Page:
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As you walk into my office and look toward the small table by the window you will see a sign that reads, “Do what you love and you will never work a day in your life.” I put it there for a couple of reasons. First, as a reminder of how much I love what I do – and how little I like routine jobs. Second, I have more than a few people drop by and disclose they are not doing what they love. I want to give them a little foretaste of what I am most likely to say when we are finished.
As much as anyone I know I’ve probably lived by that simple code. I have actively avoided getting entangled by tasks that bore, drain, frustrate or take me out of my zone of satisfaction. In fact, in talking with a young friend the other day about my inevitable retirement he said, “Your working life is what everyone hopes for in life and retirement. To do what you love is what we are all after. What in the world are you thinking? To what would you retire?” He was right. I have not worked a day in my life for a couple of decades now. “Follow your passion” has made so much sense.
Well, that’s not entirely true as teaching a Sunday School has taught me to do things I do not love and for which I have very little passion or natural competence. I tried to slough off the visitation, counseling, confronting, hand-holding, and grief to others early on because it was not what I naturally enjoyed. By not having the gifts of compassion or mercy there was no reason to go and sit with people waiting for surgery or just coming out. There were no tangible benefits to them or me in saying hard things to a wandering spouse or sitting with my hand on the arm of one in deep waters. I’m not proud of what I’m telling you. Dr. John Townsend would say I was living a life of entitlement without recognizing it for what it was. “Entitlement is the belief that I am exempt from responsibility and I am owed special treatment.” How could that be? I was living a life of joy and passion. It just didn’t include something I had missed entirely.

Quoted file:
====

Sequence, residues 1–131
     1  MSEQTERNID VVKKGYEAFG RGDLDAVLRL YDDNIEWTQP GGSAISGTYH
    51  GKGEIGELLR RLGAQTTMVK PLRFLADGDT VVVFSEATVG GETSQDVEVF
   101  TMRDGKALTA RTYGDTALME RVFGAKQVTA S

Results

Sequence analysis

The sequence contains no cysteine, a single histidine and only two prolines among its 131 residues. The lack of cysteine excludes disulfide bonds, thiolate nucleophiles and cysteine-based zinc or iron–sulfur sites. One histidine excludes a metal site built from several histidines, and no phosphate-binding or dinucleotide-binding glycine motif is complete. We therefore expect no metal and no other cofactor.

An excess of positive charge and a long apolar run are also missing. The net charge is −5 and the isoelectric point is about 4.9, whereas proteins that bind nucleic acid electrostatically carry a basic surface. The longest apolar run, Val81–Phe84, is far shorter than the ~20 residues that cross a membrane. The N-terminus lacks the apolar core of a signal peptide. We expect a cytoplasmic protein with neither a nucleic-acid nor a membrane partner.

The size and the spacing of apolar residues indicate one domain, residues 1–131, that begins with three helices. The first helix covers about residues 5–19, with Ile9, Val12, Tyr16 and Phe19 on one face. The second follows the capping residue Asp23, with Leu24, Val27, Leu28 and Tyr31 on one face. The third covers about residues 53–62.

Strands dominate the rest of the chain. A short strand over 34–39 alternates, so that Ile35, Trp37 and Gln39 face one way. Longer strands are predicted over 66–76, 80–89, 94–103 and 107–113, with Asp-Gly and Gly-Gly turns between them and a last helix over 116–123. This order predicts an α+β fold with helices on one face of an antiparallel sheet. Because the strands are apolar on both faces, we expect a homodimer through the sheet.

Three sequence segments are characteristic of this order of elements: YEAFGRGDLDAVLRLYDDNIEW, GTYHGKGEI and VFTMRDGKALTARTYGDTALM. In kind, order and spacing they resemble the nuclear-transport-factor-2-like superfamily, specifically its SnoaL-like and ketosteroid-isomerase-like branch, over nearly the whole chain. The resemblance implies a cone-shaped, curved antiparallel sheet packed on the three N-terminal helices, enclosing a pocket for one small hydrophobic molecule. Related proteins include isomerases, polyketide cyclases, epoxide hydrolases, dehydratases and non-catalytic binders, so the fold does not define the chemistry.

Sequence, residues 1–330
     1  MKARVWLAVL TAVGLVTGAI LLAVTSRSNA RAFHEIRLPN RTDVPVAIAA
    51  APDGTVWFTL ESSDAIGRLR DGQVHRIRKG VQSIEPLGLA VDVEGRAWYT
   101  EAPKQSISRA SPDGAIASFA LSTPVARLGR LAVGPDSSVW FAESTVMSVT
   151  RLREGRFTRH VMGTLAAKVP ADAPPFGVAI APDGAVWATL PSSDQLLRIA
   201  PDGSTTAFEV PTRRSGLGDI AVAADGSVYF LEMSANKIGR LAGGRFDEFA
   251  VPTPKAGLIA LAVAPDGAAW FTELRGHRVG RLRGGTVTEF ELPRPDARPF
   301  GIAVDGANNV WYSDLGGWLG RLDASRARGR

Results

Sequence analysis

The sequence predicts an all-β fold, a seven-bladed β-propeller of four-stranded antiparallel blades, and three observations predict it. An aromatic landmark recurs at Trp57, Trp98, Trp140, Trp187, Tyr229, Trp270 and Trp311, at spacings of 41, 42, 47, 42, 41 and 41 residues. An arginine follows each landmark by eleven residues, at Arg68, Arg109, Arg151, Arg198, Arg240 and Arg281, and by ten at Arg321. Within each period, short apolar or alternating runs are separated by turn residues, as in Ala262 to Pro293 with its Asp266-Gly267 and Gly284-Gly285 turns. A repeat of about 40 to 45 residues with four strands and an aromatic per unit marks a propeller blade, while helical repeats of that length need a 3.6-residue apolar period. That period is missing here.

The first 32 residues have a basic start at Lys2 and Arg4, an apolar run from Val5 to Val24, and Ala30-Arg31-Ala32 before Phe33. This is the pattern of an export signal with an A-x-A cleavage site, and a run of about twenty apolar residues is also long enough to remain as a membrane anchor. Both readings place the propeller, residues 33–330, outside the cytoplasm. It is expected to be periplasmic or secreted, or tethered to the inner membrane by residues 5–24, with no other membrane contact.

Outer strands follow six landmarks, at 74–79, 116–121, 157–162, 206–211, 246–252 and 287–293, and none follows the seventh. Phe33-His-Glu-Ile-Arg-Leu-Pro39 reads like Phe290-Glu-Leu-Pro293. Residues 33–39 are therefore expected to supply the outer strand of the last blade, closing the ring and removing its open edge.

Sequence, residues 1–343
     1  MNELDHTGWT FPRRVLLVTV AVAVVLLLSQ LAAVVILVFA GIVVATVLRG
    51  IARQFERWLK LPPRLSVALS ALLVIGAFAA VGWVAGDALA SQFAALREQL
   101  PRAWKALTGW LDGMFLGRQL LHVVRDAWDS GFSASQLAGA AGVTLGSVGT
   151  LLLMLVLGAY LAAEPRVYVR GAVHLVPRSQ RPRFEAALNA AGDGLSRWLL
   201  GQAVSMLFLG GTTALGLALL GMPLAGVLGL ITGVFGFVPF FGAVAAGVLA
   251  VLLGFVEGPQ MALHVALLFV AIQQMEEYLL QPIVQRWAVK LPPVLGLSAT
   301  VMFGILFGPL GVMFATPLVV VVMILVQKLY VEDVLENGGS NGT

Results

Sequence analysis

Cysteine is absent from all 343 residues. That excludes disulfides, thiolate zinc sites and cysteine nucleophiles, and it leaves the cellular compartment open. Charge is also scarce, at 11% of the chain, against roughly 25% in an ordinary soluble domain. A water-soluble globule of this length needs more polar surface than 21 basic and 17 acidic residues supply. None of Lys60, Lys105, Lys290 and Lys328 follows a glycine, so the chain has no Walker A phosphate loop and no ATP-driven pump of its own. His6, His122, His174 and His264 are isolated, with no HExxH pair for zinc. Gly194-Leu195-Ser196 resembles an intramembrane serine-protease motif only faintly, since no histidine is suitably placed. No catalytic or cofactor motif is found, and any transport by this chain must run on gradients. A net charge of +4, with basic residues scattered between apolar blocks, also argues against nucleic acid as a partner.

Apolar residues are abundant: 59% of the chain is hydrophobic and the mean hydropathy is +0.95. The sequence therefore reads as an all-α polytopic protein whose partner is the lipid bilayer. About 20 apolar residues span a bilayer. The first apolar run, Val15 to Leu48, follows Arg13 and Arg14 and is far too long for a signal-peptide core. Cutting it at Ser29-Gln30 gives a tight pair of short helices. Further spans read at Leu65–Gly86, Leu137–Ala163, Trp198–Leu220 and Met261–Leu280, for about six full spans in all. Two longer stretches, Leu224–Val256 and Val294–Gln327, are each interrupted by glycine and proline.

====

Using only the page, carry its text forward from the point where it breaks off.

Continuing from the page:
What Is Duty?
Then one day my wife Carol explained there is such a thing as Duty. I knew that but always equated it with guilt or mere obligation. Worse, I thought it was closer to shame. If you don’t do it you will be a bad person. Duty was something that made you do what you didn’t want to do. But that’s not duty, is it? That’s grudging obligation. Duty is what you do to honor your commitment to a calling to serve others. Doing their duty in giving was what Paul described in Romans when he said, “They were pleased to do it, and indeed they owe it to them. For if the Gentiles have shared in the Jews’ spiritual blessings, they owe it to the Jews to share with them their material blessings.” There are things we owe to others. People don’t care if I’m not good at compassion nor do they care if I have all the answers in their darkest times. I realized it was not about doing only what I enjoyed or for what I had a feel. It was doing the necessary parts of what I had been called to do for them because that is my role and responsibility – even if it was not my love.
So, now I have added another sign inspired by Dr. John Townsend: “Do The Hard Thing.” Do what may not come naturally but is the right thing to do. It is what you owe. It is what people have every right to expect from you. For me today, it is not out of guilt or unhealthy obligation – but not yet entirely out of love. Maybe someday. It is a duty and one that has begun to make me fit for eternity far more than doing merely what I love.